|Alonso||Дата: Пятница, 26.06.2015, 10:05 | Сообщение # 1|
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|When The Metal And Gothic Worlds Collide |
Long-time friends Rammstein’s Till Lindemann and Hypocrisy’s Peter Tägtgren have birthed Lindemann. Brendan Crabb converses with the hard-hitting duo.
"It’s a fucking party album,” Swedish producer/multi-instrumentalist Peter Tägtgren (death metallers Hypocrisy, industrial metal project Pain) explains of his new venture with vocalist Till Lindemann of pyrotechnic-favouring German superstars Rammstein. Having forged a friendship 15 years ago when Rammstein’s Mutter album was being mixed in Stockholm, they pledged to at least collaborate on a song together eventually.
However, respective schedules rarely meshed until a couple of years ago. The pair had no agenda, parlaying their deadline-free creativity into debut album Skills In Pills. “It was a slow process, no stress,” Tägtgren says. “We didn’t want to do it like we do with the other bands, with labels and bullshit. So we just took it easy and when we had ten songs, then we sent my manager out on scouting. We didn’t think about anything, we just took it easy and making one song here, one song there. It just turned out to be a full album without even realising it.”
Sitting in a restaurant overlooking Sydney Harbour, the singer weighs in. “I never had something (entirely) in English going before, so it was the first time. He’d never composed a thing like this before, because I pushed him to the limit in everything,” Lindemann laughs. “He always came in with the guitars; he comes from the metal section, I’m more gothic. So we collide a little bit, and then we try to blend it in. We have a good mélange of both our tastes in music.
“He’s a metal-head. It starts with the guitars, there’s the guitar in the middle and there’s no space for words. It’s the heavy metal world. That’s a different thing than in my book. I need an intro and then I need — you have to tell a story. You need space and silence for it, and then when it comes to the hook and to the riffs, then you can jump in with a chorus line or something. To tell a story, you need space so people are attracted to listen to it. Otherwise it’s a big mess.”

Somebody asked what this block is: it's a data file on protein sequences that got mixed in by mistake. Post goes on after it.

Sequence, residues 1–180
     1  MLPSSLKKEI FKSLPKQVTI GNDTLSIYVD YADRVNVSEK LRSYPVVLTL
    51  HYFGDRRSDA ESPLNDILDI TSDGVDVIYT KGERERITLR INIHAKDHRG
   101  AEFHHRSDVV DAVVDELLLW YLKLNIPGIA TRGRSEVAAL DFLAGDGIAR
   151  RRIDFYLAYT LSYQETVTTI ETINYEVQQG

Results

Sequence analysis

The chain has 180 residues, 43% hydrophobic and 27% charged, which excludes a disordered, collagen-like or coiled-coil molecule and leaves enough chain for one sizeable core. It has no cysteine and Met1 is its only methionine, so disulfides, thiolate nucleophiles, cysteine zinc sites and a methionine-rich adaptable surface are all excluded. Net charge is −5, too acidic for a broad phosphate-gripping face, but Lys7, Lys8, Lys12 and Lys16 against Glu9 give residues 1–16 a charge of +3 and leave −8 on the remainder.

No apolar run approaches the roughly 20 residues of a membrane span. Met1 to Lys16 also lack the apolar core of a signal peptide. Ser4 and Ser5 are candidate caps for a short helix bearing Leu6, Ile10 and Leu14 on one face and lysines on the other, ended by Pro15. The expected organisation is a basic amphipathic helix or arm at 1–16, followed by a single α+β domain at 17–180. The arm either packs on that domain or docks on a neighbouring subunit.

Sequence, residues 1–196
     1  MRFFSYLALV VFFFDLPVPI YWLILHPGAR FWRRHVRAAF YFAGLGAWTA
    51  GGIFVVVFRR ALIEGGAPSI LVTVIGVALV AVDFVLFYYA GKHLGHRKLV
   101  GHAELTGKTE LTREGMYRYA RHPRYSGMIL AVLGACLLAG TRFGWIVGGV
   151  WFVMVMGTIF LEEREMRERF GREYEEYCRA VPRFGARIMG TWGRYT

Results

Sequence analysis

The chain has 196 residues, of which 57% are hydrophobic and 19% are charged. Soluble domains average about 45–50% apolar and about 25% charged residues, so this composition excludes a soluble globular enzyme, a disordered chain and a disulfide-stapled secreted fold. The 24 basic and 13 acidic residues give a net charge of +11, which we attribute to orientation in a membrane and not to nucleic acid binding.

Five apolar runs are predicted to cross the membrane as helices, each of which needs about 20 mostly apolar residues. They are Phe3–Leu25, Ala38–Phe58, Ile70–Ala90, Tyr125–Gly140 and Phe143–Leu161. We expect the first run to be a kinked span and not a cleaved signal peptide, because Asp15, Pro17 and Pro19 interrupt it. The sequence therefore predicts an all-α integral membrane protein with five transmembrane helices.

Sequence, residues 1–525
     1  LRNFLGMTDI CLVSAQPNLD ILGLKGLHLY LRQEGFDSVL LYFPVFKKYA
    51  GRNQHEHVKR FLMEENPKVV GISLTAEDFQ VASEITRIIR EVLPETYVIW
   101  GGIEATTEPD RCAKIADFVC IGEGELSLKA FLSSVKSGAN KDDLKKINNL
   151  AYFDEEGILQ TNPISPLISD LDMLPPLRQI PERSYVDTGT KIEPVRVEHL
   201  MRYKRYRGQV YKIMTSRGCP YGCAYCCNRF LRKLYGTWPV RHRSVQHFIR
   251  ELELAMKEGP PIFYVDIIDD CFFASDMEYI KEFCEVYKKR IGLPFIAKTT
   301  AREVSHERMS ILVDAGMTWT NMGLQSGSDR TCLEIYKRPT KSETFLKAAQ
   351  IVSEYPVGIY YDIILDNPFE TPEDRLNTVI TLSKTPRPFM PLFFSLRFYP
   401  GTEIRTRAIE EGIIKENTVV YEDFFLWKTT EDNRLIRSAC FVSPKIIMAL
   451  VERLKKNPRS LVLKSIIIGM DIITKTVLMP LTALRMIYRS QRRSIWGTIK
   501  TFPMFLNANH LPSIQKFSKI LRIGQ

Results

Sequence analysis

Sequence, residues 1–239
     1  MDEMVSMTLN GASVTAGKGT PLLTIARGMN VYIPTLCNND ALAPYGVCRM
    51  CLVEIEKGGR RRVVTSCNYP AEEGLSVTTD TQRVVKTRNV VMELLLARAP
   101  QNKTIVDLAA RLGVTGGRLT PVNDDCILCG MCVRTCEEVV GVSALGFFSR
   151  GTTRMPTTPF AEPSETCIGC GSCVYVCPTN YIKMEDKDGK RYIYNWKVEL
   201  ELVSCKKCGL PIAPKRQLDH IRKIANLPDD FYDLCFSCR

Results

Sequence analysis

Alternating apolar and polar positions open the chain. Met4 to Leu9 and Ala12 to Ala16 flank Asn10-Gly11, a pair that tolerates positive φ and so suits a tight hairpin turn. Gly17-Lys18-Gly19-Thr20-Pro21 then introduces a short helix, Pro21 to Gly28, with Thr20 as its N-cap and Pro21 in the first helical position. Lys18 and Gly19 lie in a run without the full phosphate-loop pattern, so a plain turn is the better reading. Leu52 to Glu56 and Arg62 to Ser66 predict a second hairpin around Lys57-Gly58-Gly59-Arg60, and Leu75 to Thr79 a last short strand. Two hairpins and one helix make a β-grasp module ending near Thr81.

Tägtgren concurs. “And I’ve got an open ear, so I listen to him and see, then I change some stuff and then we’re on the right track… For me, it was a unique situation to have someone that I can share ideas with. It doesn’t really happen that often.”
The LP is littered with provocative humour. One attention-grabbing track is the colourful Praise Abort (view the bizarre, NSFW video online), which the jovial vocalist emphasises is in jest. “It’s black humour, sarcasm, ironic,” Lindemann says. “It’s a simple story. It takes place in the history of a friend of ours. He’s even younger than me and he’s got seven kids. He earns good money, he’s an actor, but he’s always broke because the kids, they eat him alive.”
Although contemplating touring the project, Rammstein beginning pre-production on a new album in September will temporarily scupper such ambitions. “Our plan is not to go into a bar with an acoustic guitar and him with maracas,” Tägtgren jokes. “If we do this, we have to do it good.”